Rain to aid heathland wildfires fight
Thursday 05 May 2011
Much-needed rain could aid firefighters continuing to battle heathland fires which have been burning across the UK, forecasters said today.
Royal Berkshire Fire and Rescue Service is still tackling heathland fires which broke out in the Swinley Forest area earlier in the week, but Lancashire crews expected to finish battling blazes today.
Weather experts predict above average temperatures in many parts of the country over the weekend, but an outbreak of thunderstorms should provide some respite.
Police investigating the Swinley Forest fire have arrested two youths on suspicion of arson.
A police spokesman said: "Thames Valley Police can confirm two 14-year-old boys have been arrested in connection with an arson, however the location of this arson is not clear from the evidence available, and it has not been definitively linked to the fires in Swinley Forest.
"The youths have been released on bail until next month."
Lancashire Fire Service said they expected to conclude their activities today as the moorland fires were close to being extinguished.
Some 32 of the county's 39 fire stations had been occupied for the best part of a week.
Firefighters were dampening down a new blaze which erupted in the early hours of this morning at Darwen, in the West Pennine Moors. At its height six fire engines and over 30 firefighters fought the fire.
Greater Manchester Fire and Rescue Service said they were still attending fires at Turton, near Bolton, and Saddleworth.
The hottest April on record, which saw only 21% of the expected rainfall in England and Wales, has caused vast areas of parched, tinder-dry land to go up in flames over the past week.
It is believed most of the fires, which have caused widespread damage to scenic beauty spots and conservation areas, were started deliberately.
Strong winds and very little rainfall has hampered the efforts of hundreds of firefighters and emergency workers, with helicopters being used to drop water in the worst-affected regions.
Matt Dobson, a forecaster from Meteogroup, the weather arm of the Press Association, said: "Tomorrow will be another warm day from central and eastern England downwards.
"We could see temperatures as high as 25C near London.
"Across the west and up to Scotland it will be a little bit over average temperatures, but generally under 20C."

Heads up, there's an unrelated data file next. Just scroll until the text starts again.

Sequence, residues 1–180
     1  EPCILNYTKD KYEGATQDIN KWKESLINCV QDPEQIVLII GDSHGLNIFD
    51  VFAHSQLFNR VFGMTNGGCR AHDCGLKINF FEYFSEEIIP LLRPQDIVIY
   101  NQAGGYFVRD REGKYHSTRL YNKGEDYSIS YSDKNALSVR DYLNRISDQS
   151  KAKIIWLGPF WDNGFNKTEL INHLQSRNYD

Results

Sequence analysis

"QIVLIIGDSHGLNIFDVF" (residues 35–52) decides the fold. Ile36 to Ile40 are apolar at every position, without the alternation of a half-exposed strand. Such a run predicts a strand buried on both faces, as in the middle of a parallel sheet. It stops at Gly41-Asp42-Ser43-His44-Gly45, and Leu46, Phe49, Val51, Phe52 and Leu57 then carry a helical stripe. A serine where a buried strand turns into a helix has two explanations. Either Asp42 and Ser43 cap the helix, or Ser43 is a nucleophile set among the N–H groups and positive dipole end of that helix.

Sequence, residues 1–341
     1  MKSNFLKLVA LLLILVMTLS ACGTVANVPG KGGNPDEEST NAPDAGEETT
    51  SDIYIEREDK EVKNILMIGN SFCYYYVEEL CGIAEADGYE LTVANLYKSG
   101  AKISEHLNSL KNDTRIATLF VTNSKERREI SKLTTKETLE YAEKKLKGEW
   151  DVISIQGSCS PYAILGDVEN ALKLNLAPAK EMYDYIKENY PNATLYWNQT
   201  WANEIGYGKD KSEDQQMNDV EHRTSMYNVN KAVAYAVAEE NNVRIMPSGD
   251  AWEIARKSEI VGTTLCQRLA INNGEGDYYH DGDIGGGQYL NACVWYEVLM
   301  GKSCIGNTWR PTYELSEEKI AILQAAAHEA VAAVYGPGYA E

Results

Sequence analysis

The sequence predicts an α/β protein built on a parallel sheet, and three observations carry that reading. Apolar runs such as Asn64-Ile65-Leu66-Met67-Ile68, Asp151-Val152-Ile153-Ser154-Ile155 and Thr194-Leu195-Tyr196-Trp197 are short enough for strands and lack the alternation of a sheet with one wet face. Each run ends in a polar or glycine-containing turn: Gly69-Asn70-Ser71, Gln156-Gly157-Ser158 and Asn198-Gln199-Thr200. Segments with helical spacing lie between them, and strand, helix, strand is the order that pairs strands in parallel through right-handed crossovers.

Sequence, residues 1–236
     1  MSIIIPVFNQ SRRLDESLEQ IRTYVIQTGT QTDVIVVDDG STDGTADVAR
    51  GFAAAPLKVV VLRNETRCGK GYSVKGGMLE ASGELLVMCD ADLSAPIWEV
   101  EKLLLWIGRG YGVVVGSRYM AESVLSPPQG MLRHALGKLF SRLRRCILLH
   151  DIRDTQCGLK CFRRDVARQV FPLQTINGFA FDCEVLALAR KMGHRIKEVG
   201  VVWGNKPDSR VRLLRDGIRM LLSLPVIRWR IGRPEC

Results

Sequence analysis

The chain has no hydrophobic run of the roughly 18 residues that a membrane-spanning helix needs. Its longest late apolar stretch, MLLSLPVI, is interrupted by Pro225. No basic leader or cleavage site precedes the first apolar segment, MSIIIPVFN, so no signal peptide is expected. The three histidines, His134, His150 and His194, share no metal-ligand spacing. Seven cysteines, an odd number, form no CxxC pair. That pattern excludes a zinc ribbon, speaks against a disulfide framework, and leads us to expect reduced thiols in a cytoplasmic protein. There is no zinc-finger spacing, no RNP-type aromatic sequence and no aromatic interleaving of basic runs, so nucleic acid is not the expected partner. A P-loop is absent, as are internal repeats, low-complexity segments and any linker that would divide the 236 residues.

On Saturday night thunderstorms are expected to break out after the spell of fine weather.
"Sunday is predicted to be fresh and breezy, which will help the situation with the wild fires," he added.
Crews in Northern Ireland have fought more than 1,000 gorse and forest fires in the past four days, in what chiefs said was the busiest time in 30 years.
Around 200 personnel, including soldiers, have battled 255 fires in 31 locations since Tuesday, according to the province's deputy chief fire officer Chris Kerr.
In the Scottish Highlands, wildfires broke out in Inverkirkaig, Lochailort and in Newton of Ardtoe in Salen, while the National Trust for Scotland said at least £100,000 of damage had been caused to its forest regeneration project in Torridon and Kintail.
A fire in heather and gorse at the Queen's Balmoral estate, which started on Monday, is now under control.
North Wales Fire Service warned of the fire hazards of Chinese lanterns being released into the air.
Spokesman Dave Evans said: "With the increasing use of Chinese lanterns at wedding ceremonies and other celebratory events, the public needs to be aware that these lanterns have a number of associated problems.
"Our primary concern is the risk of a smouldering lantern causing a fire and the injuries they can cause to livestock if consumed by the animal."
Mr Evans said the fuel cells in the lanterns have embers which can fall to the ground and carry on glowing for a number of minutes even after the flame has gone out.
He added: "The ground is currently so dry that we would urge anyone enjoying the countryside to take great care - it is extremely easy to cause a fire with a discarded cigarette or an unattended campfire."
Meanwhile the RSPB warned that fires could have affected up to 40% of the English population of twite, which is a type of finch.
In England, nesting twite are confined to the South Pennines, where around 100 pairs nest in small colonies.
An RSPB spokesman said: "Even before these fires, the twite was one of England's most threatened birds. But blazes have possibly affected more than a third of the English population.
"This could be a devastating setback for this bird. We have been working hard with farmers to help retain landscape features, like hay meadows, which are crucial to the bird.
"But inevitably England's most threatened finch has been hit hard by these fires. We hope that the bird will have a future in England."
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